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UC San Diego researchers use stem cells, 3D-printing to treat spinal cord injuries

New technology leads to breakthrough in treatment
Posted: 11:31 AM, Jan 16, 2019
Updated: 2019-01-16 19:31:24Z
UCSD Spinal Cord 2.png
UCSD Spinal Cord.png

LA JOLLA, Calif. (KGTV) - Researchers at UC San Diego published a study this week, showing that a mix of 3D printing and stem cell therapy can be used to treat severe spinal cord injuries.

Scientists from the schools of engineering, biomedicine and neuroscience collaborated on the project, which they say is a huge breakthrough for people with paralysis.

The researchers had to build a 3D printer from scratch, which could make a model of a spinal cord section based on MRI imaging. They then load it with stem cells and implant it into the test subject.

In tests on rodents, the 3D spinal cord and stem cells spurred new neuron growth and helped restore function.

"When there's an injury, the local population of cells, the neurons, die," explains Dr. Kobi Koffler with the school of Neuroscience. "With these stem cells, we're bringing them back."

The team had to build a 3D printer from scratch that could manufacture the spinal cord pieces.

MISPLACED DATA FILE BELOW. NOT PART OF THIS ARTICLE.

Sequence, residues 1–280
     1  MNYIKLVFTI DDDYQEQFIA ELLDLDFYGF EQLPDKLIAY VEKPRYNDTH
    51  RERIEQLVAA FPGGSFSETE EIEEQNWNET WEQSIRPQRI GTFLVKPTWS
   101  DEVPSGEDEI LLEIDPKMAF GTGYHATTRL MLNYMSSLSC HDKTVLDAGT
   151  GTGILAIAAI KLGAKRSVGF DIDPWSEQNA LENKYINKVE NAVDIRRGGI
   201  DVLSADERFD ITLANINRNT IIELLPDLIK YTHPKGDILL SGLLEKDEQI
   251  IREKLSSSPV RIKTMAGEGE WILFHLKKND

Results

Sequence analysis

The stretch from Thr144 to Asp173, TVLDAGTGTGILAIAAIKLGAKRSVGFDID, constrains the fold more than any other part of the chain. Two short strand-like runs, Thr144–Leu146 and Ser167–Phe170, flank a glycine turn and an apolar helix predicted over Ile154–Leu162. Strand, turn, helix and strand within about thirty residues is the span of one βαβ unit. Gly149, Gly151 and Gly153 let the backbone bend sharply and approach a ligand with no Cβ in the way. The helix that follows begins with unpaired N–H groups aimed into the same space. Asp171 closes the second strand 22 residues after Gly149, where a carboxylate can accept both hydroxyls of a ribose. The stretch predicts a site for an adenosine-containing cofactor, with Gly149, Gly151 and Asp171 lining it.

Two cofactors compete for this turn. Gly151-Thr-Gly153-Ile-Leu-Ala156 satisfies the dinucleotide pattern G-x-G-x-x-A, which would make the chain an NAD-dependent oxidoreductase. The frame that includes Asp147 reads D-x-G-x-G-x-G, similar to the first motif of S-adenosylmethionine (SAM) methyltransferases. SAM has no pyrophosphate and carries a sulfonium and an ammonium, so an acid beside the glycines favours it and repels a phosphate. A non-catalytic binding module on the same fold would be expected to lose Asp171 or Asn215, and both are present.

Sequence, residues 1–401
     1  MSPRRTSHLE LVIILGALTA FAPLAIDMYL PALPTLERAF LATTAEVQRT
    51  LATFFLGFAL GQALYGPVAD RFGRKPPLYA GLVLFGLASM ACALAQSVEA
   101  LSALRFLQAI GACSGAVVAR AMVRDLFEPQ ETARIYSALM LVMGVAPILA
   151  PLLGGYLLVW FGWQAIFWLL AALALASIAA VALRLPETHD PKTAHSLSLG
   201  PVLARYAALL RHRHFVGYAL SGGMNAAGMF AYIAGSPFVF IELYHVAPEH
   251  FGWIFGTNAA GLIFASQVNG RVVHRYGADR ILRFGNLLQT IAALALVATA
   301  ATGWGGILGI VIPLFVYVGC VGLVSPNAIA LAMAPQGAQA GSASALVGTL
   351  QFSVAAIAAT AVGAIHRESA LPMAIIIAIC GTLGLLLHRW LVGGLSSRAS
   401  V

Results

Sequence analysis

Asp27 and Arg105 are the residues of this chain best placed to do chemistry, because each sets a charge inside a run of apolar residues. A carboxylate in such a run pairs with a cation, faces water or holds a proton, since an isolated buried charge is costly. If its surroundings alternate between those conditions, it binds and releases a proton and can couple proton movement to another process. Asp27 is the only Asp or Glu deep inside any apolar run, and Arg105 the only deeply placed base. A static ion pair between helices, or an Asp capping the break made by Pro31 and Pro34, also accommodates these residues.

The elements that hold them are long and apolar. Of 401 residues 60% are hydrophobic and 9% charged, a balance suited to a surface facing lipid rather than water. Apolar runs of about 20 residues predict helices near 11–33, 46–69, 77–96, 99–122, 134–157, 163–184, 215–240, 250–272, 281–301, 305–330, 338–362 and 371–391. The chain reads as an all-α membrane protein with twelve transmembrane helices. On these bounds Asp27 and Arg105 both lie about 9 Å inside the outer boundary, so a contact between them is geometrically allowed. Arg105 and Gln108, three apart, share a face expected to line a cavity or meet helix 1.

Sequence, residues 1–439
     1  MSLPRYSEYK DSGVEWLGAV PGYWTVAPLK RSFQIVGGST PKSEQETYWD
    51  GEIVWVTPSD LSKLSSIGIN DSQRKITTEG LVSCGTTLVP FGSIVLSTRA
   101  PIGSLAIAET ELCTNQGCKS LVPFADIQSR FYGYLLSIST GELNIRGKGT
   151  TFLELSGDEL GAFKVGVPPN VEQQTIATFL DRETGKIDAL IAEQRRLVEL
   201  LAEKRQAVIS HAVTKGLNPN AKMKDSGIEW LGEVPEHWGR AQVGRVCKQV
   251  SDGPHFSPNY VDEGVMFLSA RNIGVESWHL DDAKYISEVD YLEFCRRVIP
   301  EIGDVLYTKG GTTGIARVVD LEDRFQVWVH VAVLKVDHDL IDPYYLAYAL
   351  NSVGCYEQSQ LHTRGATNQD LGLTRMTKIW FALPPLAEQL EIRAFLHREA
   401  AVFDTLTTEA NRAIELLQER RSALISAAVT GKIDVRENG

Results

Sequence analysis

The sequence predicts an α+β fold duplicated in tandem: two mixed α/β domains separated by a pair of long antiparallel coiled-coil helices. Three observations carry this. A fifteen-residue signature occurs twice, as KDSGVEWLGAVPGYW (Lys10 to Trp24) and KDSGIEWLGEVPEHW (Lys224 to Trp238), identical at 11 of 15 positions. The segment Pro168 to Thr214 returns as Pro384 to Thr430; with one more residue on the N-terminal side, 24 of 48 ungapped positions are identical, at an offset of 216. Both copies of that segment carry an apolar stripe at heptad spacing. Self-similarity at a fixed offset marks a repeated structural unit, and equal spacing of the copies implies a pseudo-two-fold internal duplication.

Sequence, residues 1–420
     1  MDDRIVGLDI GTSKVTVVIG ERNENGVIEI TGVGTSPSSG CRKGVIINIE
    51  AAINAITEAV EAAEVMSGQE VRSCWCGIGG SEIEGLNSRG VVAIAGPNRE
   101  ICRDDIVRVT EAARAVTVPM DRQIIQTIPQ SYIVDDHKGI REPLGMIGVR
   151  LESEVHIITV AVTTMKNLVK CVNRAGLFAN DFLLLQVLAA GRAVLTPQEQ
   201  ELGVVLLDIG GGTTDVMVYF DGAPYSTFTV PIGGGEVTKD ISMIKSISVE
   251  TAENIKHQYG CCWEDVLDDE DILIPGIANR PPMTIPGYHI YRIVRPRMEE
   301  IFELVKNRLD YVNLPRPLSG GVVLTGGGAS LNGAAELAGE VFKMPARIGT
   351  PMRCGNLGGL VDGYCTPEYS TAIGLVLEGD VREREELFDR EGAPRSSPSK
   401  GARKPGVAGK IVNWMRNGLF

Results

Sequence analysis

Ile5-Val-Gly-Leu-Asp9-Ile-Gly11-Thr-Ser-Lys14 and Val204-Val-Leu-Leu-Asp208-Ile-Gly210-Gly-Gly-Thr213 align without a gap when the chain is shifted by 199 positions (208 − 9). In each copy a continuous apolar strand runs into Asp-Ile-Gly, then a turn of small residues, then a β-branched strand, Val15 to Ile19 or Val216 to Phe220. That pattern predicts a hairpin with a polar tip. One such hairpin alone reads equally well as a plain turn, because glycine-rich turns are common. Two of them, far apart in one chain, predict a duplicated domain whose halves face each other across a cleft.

"Every patient's damaged organ or tissue is different. You cannot use traditional manufacturing methods to do this," says Dr. Shaochen Chen with the School of Engineering. "3D Bioprinting is perfect to do that."

The 3D models are made from a mix of water and biopolymer backbones. That material degrades within the body over a year but gets replaced by the body rebuilding organic tissue.

Dr. Koffler says people with the most severe kinds of spinal cord injuries are the most likely to benefit from this type of research.

"These patients have the least to lose if we go in and transect everything and put our implant in," he says. "They have the least to lose in terms of function."

The team hopes to scale up the project to begin testing on larger animals. They hope it will eventually be available for humans.

"If we can help them, that's a huge impact," says Dr. Chen. "We love those high impact projects."

A full release with details of the research is available on the school's website here .